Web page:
There was a night a couple of weeks ago where I was frantically looking for something to knit. My plum Anna Vest was blocking; I’d left my marlisle hat at work; I no longer have the thumb instructions memorized for the Log Cabin Mitts, and picking up my unfinished pair wasn’t going to take up that unexpected chunk of knitting time anyway. And so on. I could have cast on a sweater, but it would have been both underconsidered (I can’t make up my mind) and wool (since that’s what I have in my stash in sweater quantities), and I obviously didn’t want to do that. So I pulled up New Favorites and scrolled through looking for something I’d been wanting for a decent amount of time and that I also had yarn for in stash, and I landed on Grete, the crazy dickey I can’t get out of my head. PERFECT. Then I remembered it’s written for bulky yarn, which I don’t have meaningful amounts of in stash. ARGH. And then it slowly dawned on me: the exquisite single-batch, toffee-hued, Oregon-raised bulky I’ve been dying to knit with. I only had one skein on my shelf at home, but I had plenty in the webshop and had set aside a pile for myself at the studio. (Hilariously, I had made this connection last spring when the pattern published but had forgotten it in the meantime.) So I cast on.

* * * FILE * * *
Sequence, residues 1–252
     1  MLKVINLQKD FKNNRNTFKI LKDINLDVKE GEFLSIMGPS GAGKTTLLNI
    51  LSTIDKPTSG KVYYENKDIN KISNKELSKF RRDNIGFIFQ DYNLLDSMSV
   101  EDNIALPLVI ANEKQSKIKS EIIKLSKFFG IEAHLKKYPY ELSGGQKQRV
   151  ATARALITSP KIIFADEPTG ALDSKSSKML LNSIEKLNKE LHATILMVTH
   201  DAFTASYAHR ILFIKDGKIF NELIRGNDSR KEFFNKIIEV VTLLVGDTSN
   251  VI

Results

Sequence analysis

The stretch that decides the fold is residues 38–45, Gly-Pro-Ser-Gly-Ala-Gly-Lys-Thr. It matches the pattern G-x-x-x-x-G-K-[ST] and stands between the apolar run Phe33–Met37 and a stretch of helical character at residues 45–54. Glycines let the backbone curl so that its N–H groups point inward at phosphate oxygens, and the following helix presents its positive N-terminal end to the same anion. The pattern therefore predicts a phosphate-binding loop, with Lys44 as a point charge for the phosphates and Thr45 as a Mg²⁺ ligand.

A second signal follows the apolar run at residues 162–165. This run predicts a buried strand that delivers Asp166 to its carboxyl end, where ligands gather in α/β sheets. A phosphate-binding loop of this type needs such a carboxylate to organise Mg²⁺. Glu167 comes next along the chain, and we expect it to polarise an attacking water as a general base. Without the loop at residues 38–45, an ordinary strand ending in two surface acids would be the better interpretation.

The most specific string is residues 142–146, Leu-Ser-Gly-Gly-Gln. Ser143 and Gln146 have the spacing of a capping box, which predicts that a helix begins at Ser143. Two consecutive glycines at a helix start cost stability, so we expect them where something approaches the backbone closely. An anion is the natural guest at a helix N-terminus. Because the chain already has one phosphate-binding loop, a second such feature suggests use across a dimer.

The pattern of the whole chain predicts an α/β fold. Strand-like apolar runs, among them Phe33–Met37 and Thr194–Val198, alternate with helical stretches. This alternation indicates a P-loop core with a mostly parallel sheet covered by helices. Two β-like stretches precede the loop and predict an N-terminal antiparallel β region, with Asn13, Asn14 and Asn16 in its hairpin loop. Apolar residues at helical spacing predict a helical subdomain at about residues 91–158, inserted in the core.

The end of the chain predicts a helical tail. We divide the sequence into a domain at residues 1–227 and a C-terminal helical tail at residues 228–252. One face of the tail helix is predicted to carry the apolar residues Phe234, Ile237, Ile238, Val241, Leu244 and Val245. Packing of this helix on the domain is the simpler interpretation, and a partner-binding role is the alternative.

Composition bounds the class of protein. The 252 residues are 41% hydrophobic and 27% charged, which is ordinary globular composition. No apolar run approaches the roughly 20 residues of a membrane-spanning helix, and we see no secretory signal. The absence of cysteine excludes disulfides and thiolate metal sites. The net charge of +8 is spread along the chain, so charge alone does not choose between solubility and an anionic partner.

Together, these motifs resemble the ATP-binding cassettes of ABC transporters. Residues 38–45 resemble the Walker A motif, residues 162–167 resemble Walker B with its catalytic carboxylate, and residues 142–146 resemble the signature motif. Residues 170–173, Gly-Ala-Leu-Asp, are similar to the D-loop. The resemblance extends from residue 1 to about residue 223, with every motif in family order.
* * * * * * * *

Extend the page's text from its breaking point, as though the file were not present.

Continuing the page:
The only thing I didn’t like about knitting this was how quickly it was over. I have friends who say the thought of coffee gets them out of bed in the morning. I had one morning where I woke up thinking “the sooner I get up and get through my workday and my workout, the sooner I can knit those cables.” Although, I did extend it by making some changes and revisions and re-knits along the way.